A World Health Organization investigation has found that dozens of women were allegedly sexually assaulted and exploited by international workers and locals hired to respond to an Ebola outbreak in the eastern Democratic Republic of the Congo.
The WHO appointed a five-member independent commission in October 2020 to investigate allegations of sexual abuse by its employees in Ituri and North and South Kivu provinces of Congo.
Senior WHO officials described the results released on Tuesday as frightening and heartbreaking.
The commission found that more than 80 alleged cases of sexual abuse were reported between August 2018 and June 2020. Most of the victims were illiterate women aged 13 to 43.
Commission member Malik Koulibaly said that most of the women who testified said they were forced to exchange sex for the promise of a job. He said some of the sexual abuse and abuse was conducted through a network operated through a local branch, which recruited people to work on the Ebola response.
Coulibaly said through an interpreter, “Most of the victims did not get the job they were promised, despite the fact that they agreed to the sexual relationship.” “Some women declare that they are constantly being sexually harassed by men and are obliged to have sex in order to keep their jobs or be able to pay.”
Coulibaly said some of the women were fired for refusing to have sex. The panel reported that nine women were raped.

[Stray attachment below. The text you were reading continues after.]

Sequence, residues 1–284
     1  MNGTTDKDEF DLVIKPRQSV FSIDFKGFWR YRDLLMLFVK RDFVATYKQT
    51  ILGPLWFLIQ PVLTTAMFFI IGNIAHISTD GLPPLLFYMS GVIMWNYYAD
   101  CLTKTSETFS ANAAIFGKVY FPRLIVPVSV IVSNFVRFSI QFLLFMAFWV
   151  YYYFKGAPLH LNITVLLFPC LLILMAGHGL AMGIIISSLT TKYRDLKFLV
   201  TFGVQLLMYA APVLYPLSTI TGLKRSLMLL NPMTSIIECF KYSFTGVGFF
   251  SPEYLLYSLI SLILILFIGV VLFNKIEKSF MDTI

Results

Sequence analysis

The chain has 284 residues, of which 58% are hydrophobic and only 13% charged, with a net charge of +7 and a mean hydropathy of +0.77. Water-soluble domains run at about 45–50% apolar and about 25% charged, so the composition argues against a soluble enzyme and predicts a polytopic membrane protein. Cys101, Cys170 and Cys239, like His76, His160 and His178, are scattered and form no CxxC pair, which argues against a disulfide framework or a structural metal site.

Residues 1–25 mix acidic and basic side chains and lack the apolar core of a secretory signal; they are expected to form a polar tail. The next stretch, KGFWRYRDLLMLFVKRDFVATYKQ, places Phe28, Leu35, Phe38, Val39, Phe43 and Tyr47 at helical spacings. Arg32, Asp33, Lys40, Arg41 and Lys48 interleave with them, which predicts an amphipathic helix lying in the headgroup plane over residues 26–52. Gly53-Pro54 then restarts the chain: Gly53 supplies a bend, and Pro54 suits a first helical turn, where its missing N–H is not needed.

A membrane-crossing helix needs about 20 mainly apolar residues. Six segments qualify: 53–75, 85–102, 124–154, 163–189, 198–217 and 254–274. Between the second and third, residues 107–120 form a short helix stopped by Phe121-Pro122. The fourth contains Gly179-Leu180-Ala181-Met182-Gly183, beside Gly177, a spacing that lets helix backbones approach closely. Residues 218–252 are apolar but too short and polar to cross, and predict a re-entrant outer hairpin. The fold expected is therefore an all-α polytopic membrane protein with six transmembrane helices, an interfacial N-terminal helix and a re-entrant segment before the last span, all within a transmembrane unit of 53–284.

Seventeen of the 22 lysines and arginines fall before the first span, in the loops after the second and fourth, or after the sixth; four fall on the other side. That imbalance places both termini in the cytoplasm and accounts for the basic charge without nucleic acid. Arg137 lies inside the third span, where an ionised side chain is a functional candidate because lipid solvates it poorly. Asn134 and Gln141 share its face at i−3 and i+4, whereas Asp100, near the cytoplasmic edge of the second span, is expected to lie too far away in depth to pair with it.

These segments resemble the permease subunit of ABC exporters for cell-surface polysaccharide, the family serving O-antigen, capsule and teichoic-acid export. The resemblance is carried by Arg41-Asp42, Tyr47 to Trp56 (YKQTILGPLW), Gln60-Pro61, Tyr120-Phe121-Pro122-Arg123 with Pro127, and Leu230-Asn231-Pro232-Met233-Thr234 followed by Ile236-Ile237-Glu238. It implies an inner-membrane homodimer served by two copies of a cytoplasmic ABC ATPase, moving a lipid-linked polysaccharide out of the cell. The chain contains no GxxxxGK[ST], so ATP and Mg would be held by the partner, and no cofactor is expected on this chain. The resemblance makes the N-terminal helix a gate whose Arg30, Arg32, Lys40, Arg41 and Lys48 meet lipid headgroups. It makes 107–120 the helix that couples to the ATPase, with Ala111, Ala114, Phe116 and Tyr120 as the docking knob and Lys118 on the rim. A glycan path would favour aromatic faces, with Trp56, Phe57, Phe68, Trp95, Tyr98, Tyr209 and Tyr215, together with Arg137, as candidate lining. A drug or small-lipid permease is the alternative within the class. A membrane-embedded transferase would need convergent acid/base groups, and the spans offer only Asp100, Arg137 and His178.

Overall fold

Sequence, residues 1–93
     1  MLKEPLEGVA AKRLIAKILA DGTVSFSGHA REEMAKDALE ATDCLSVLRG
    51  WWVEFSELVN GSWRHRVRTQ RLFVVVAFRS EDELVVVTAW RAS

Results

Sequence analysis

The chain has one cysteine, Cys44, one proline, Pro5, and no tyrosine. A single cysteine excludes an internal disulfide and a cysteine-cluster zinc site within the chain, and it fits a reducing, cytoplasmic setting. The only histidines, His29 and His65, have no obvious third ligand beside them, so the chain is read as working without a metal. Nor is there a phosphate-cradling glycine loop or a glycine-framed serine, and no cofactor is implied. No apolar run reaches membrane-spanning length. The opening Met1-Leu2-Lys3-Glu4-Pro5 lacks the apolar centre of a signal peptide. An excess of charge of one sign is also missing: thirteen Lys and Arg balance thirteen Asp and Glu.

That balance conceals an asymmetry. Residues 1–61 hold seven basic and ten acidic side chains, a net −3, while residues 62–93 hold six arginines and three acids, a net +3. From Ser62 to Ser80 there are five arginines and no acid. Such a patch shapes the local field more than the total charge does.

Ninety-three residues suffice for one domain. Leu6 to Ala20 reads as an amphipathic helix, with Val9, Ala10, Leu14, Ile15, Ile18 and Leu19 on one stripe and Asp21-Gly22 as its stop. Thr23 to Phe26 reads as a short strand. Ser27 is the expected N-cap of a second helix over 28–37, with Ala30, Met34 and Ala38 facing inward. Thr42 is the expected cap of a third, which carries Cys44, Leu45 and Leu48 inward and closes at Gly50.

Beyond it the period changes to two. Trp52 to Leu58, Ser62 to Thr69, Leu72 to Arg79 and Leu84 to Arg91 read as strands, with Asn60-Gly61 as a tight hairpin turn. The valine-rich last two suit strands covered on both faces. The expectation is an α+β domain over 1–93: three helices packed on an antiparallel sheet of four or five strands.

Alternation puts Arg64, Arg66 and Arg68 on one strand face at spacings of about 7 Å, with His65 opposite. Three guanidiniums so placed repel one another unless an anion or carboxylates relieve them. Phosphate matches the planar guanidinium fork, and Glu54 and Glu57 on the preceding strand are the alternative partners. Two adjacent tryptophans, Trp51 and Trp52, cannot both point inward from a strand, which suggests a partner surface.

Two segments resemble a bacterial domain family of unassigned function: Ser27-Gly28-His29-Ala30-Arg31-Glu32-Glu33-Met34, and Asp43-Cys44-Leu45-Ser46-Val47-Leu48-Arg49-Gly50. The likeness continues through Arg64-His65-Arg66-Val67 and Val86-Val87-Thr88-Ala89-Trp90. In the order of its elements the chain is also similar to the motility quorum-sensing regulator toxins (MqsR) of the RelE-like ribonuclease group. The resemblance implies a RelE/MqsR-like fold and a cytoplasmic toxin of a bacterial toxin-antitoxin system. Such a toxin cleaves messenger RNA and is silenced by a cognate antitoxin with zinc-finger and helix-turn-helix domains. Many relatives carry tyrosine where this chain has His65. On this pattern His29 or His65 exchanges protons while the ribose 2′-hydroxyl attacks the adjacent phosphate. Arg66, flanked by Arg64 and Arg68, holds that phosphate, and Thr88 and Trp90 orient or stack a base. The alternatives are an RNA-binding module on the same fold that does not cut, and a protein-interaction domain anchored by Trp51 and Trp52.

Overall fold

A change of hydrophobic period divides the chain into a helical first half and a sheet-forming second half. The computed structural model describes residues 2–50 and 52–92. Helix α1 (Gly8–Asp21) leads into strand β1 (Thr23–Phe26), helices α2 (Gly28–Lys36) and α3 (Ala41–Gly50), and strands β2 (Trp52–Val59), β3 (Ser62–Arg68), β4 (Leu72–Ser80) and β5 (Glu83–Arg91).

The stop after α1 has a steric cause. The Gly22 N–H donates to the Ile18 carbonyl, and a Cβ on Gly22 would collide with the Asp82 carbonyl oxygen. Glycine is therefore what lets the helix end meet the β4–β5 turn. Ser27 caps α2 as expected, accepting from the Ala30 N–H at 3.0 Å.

The women who were interviewed said that none of the perpetrators had used birth control, and some who became pregnant said that the men who abused them forced them to have abortions. .
The investigation found that 21 of the 83 alleged perpetrators were WHO employees, some from Congo, some from abroad. Other alleged perpetrators were contractors such as drivers and security personnel.
WHO Director-General Tedros Adhanom Ghebreyesus described the document as a harrowing reading.
“The conduct it describes is a betrayal of the people we serve,” he said. “It is my top priority to ensure that offenders are not forgiven, but held accountable. … and I will take personal responsibility for whatever changes we need to make to prevent this from happening in the future.” ”
Tedros said four WHO employees had been fired and two were placed on administrative leave. He said the alleged perpetrators of rape would be sent to the national authorities in Congo for investigation.
The WHO chief also said that all victims of sexual abuse and abuse will have access to the services they need, including medical and psychosocial support, and support for the education of their children.